Exotic conglomerates of the Neogene Siwalik succession and their implications for the tectonic and topographic evolution of the Western Himalaya

I. A. Abbasi, P. F. Friend

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6 Citations (Scopus)

Abstract

Published information on the Siwalik Group (Neogene) conglomerates in the Sub-Himalayan belt of Himachal Pradesh, India, and the Potwar Plateau, Pakistan, is used as the basis of a model that recognizes two types of conglomerates with different relationships to the linear Himalayan mountain front. The two types are: (1) foothills-fed conglomerates, widespread along the mountain front, that mark the appearance in the basinal succession of sediments derived from within the Sub-Himalayan fold-and-thrust belt or the neighbouring Lower Himalaya; these Upper Siwalik conglomerates provide information about relatively young frontal fault activity and the growth of local river systems that transferred the sediment generated; and (2) high-mountain-fed conglomerates, with restricted lateral extent along the front, that mark the presence of large trunk rivers, draining the Lower and Higher zones of the Himalaya; these Middle and Upper Siwalik conglomerates provide information about the extent of older incision in the high mountains, and the position in the basin of the major drainage paths. Our work on the Janak (formerly Indus) Conglomerate Formation, outcropping near the present Indus River, shows that it is a high-mountain-fed conglomerate, and was deposited by a large braided system (channels up to 15 m deep) that drained southwards from the High Himalaya of northernmost Pakistan. The conglomerate was deposited between 9 and 1 Ma, and is preserved as a formation 1.5 km thick and 25 km wide, perpendicular to flow. This conglomerate marks the position of the Palaeo-Indus in this part of the foreland basin. The syntaxial position of the present Indus in the mountain front, and the remarkable route of the upper Indus, have resulted from drainage evolution during the later stages of transpressive indentation of the western margin of the Indian block. Our interpretation of the Janak Conglomerate implies that this special role of the Indus must have already started by 9 Ma.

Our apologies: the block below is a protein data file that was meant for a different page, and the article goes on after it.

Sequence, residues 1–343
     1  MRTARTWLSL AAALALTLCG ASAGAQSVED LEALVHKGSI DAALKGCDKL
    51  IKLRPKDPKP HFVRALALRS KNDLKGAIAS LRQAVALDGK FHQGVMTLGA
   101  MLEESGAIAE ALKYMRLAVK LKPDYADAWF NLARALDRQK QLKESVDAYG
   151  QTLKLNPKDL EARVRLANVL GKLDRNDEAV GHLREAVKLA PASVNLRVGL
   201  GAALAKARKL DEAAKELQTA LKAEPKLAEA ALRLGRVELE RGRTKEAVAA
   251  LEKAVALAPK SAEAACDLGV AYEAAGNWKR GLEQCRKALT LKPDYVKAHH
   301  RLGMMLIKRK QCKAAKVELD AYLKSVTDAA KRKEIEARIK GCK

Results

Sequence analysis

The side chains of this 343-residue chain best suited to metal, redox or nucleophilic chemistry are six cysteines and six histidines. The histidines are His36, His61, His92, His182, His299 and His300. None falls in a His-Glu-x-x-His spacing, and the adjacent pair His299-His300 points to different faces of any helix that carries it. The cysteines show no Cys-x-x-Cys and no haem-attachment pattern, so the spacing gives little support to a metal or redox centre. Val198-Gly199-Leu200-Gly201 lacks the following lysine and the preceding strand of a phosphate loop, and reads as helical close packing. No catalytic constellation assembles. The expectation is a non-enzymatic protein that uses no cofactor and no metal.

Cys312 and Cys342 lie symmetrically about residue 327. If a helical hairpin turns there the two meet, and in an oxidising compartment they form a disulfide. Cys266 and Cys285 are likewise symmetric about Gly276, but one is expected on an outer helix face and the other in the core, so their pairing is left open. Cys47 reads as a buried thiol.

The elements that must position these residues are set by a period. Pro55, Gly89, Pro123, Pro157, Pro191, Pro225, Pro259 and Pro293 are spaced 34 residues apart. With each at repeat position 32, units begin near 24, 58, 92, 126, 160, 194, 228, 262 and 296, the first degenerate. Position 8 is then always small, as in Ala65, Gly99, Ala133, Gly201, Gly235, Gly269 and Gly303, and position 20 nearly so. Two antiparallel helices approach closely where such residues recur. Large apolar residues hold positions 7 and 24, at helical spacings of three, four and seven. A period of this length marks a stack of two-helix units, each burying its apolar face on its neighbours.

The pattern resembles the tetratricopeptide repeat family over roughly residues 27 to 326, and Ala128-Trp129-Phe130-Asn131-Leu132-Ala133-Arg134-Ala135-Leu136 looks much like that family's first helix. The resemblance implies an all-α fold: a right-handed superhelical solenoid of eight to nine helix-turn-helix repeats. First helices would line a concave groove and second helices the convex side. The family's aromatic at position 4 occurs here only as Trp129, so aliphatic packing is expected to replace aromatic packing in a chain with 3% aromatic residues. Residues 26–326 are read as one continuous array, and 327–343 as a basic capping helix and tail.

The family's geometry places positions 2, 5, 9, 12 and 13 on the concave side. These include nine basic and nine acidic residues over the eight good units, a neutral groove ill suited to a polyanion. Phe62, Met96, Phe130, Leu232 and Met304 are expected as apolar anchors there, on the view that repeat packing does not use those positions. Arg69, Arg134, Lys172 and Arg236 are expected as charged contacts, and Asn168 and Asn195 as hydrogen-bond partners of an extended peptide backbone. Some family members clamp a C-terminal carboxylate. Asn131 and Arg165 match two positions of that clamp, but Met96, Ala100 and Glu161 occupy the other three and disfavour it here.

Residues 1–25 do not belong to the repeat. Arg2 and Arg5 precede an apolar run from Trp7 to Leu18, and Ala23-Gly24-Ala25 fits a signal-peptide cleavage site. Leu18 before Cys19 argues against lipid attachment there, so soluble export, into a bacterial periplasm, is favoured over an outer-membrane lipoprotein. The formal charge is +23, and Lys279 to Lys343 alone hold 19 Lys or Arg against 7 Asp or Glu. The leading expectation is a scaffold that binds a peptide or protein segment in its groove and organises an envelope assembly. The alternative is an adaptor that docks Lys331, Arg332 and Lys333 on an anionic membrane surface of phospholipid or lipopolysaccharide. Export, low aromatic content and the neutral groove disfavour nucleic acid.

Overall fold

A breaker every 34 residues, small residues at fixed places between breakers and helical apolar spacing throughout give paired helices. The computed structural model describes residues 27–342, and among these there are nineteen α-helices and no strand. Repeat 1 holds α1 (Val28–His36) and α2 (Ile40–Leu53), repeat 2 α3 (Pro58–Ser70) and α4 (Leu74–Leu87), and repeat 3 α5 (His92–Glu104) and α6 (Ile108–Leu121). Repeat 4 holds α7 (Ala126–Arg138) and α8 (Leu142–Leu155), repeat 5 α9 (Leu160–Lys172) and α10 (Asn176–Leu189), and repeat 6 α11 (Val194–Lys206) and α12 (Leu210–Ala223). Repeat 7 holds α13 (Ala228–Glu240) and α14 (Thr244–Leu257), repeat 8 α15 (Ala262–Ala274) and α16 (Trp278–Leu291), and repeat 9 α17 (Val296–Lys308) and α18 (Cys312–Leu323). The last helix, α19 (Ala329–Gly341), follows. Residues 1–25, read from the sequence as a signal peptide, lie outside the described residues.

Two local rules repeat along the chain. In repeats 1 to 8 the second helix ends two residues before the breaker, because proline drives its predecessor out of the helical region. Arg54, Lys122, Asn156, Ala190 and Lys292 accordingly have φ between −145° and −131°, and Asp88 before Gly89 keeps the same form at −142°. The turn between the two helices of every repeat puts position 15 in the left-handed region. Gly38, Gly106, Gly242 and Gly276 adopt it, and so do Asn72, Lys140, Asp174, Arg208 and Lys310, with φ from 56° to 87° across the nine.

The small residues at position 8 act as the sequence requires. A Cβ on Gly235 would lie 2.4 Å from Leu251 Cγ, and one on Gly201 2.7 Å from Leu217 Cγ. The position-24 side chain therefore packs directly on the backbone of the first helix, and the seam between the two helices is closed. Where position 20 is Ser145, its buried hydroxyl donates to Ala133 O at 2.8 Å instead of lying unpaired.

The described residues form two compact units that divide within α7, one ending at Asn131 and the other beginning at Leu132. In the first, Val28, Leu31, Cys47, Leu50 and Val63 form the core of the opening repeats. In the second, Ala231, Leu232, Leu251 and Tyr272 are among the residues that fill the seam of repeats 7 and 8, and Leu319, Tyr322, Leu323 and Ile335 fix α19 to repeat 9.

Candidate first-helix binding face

Original languageEnglish
Pages (from-to)455-466
Number of pages12
JournalGeological Society Special Publication
Volume170
DOIs
Publication statusPublished - 2000
Externally publishedYes

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ASJC Scopus subject areas

  • Ocean Engineering
  • Water Science and Technology
  • Geology

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